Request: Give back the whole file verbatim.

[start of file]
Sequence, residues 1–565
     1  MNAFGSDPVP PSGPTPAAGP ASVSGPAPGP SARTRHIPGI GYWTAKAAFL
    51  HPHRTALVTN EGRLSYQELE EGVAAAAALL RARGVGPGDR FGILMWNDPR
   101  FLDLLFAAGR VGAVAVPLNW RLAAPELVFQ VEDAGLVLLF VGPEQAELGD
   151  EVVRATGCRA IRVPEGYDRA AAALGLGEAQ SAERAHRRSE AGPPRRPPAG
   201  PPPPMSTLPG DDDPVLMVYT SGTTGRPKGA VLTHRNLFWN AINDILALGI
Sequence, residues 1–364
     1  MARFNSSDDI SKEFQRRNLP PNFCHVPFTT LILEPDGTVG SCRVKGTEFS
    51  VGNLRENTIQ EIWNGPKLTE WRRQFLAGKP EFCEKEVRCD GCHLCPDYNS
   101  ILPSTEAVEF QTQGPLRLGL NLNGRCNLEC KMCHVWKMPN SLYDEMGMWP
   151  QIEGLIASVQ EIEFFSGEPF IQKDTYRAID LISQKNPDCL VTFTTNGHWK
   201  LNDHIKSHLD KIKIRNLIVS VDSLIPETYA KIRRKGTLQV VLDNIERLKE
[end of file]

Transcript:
Sequence, residues 1–565
     1  MNAFGSDPVP PSGPTPAAGP ASVSGPAPGP SARTRHIPGI GYWTAKAAFL
    51  HPHRTALVTN EGRLSYQELE EGVAAAAALL RARGVGPGDR FGILMWNDPR
   101  FLDLLFAAGR VGAVAVPLNW RLAAPELVFQ VEDAGLVLLF VGPEQAELGD
   151  EVVRATGCRA IRVPEGYDRA AAALGLGEAQ SAERAHRRSE AGPPRRPPAG
   201  PPPPMSTLPG DDDPVLMVYT SGTTGRPKGA VLTHRNLFWN AINDILALGI
Sequence, residues 1–364
     1  MARFNSSDDI SKEFQRRNLP PNFCHVPFTT LILEPDGTVG SCRVKGTEFS
    51  VGNLRENTIQ EIWNGPKLTE WRRQFLAGKP EFCEKEVRCD GCHLCPDYNS
   101  ILPSTEAVEF QTQGPLRLGL NLNGRCNLEC KMCHVWKMPN SLYDEMGMWP
   151  QIEGLIASVQ EIEFFSGEPF IQKDTYRAID LISQKNPDCL VTFTTNGHWK
   201  LNDHIKSHLD KIKIRNLIVS VDSLIPETYA KIRRKGTLQV VLDNIERLKE